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Is there a motor that can travel linearly up and down a threaded rod. I already know that you can attach a motor to the end of a threaded rod and make a nut travel along the threaded rod but this is not what I'm trying to do. For example, if the magnets inside a stepper motor were threaded like a nut, then when the motor spins it will travel along the rod. Is there anything like this already made?

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  • \$\begingroup\$ What keeps you from having a regular motor outside the threaded rod and driving a nut on the threaded rod with that motor? As you already established a nut is a perfect match for a threaded rod, therefore it makes sense to use it. The threaded rod would be fixed and the motor not co-axial to the rod in this scenario. Maybe you will need to add a belt or something similar to the motor and nut. \$\endgroup\$ – Burak Aug 9 '17 at 14:32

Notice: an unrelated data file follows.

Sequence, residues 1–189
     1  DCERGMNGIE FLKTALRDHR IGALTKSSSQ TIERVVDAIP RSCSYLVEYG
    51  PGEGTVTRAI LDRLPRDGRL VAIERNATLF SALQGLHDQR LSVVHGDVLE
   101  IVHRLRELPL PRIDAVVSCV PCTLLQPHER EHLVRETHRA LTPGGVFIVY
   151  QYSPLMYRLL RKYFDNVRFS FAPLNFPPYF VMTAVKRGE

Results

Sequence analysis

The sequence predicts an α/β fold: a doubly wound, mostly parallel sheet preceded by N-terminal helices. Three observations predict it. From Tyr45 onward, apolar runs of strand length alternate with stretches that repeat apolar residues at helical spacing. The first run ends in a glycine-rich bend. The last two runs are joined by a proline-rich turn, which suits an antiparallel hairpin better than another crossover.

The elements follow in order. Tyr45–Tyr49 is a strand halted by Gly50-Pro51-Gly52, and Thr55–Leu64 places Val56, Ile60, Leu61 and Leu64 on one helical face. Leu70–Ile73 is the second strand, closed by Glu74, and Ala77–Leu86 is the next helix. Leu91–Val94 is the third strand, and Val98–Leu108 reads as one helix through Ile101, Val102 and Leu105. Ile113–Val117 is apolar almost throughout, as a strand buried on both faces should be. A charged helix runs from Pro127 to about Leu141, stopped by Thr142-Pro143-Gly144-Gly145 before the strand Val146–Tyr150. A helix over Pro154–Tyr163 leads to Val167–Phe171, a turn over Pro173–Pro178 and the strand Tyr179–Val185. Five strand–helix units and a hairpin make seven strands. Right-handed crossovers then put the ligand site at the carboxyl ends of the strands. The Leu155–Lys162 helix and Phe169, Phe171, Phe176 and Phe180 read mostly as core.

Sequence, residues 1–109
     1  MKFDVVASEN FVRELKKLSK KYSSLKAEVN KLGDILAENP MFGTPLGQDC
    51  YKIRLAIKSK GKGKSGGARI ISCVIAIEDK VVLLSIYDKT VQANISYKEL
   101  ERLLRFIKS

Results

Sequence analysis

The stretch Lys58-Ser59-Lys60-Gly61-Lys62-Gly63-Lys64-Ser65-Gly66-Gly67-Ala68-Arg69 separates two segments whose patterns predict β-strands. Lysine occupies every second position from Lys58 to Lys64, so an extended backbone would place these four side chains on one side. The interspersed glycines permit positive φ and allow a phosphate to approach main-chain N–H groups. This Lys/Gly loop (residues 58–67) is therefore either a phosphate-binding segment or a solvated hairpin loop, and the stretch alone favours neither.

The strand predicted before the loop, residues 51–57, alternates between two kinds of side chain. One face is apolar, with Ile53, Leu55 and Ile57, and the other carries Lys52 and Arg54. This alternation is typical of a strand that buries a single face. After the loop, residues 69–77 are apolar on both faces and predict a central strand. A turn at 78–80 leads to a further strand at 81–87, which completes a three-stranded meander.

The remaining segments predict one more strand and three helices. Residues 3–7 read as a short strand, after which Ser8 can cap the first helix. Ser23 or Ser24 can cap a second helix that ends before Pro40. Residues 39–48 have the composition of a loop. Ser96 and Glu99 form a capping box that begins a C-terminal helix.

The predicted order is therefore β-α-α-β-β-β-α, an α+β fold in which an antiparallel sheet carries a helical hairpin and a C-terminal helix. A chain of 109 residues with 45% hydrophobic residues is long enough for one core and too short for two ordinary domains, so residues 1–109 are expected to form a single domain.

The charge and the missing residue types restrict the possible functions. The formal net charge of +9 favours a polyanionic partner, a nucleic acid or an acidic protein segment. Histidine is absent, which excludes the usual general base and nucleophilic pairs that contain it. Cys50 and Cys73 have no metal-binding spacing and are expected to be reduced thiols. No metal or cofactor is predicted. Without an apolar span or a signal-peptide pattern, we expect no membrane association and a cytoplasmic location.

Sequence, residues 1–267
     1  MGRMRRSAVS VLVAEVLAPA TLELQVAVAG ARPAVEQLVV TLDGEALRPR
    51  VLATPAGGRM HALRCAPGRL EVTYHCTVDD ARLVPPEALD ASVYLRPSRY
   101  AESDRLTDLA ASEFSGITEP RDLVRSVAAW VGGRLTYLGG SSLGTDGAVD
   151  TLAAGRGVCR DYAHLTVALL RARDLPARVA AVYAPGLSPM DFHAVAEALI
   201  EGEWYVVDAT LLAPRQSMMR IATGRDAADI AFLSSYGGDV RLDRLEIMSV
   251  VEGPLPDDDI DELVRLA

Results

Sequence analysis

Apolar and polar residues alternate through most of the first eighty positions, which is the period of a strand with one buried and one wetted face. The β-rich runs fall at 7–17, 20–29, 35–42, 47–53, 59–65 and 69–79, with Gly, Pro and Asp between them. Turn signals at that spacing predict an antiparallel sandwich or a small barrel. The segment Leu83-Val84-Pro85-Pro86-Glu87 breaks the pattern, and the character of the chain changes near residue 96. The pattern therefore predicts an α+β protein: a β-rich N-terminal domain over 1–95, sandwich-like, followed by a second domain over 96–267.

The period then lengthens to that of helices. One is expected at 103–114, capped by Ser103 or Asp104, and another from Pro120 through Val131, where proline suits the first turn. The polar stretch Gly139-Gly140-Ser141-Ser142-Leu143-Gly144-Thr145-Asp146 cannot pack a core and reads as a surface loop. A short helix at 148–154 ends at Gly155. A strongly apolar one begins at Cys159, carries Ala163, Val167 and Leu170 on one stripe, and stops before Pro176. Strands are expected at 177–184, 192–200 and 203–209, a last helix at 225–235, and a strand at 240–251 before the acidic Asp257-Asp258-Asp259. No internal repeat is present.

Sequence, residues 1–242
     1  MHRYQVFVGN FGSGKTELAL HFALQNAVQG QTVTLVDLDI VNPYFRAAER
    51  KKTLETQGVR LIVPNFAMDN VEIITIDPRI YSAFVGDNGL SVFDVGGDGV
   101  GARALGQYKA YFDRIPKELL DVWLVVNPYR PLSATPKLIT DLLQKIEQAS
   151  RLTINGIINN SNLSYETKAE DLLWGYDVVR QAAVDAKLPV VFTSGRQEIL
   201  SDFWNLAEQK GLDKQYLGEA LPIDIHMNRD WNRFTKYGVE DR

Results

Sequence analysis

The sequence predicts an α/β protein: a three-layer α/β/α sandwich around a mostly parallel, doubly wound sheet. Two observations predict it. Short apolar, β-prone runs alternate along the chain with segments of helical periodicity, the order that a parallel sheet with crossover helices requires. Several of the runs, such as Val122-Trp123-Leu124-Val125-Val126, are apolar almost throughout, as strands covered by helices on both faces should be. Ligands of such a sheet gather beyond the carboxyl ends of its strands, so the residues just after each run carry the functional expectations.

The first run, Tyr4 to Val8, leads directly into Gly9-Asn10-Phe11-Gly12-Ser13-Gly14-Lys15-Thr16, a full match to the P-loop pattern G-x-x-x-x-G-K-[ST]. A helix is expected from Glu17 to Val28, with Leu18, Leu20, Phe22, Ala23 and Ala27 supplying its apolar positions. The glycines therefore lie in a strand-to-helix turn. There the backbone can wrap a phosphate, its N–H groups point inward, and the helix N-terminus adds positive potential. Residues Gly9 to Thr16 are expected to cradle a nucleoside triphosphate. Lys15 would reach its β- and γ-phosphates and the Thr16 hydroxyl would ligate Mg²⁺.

• \$\begingroup\$ This does not answer the question. \$\endgroup\$ – Sclrx Aug 9 '17 at 14:33
  • \$\begingroup\$ Size constraint maybe? \$\endgroup\$ – user3528438 Aug 9 '17 at 14:34
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    \$\begingroup\$ First I think it makes more sense to make the rod rotating rather than make the nut rotating. Most of the cases this make the moving part light (motor is heavy). \$\endgroup\$ – user3528438 Aug 9 '17 at 14:37
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    \$\begingroup\$ and you have to deal with the length of the connections. \$\endgroup\$ – Solar Mike Aug 9 '17 at 14:57
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There are "hollow shaft motors" similar to these. The inside of the shaft can be threaded (or a nut can be fitted inside) to make the motor itself travel along a matching threaded rod. enter image description here

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I believe that many years ago I saw a motor spec sheet that featured a hollow, threaded shaft, and here is a modern one.

The problem is that you need some way to prevent the motor housing from spinning in the opposite direction, in the worst case causing the motor to remain stationary on the threaded rod. Given the mechanical demands of doing this, it's a technique that isn't used much.

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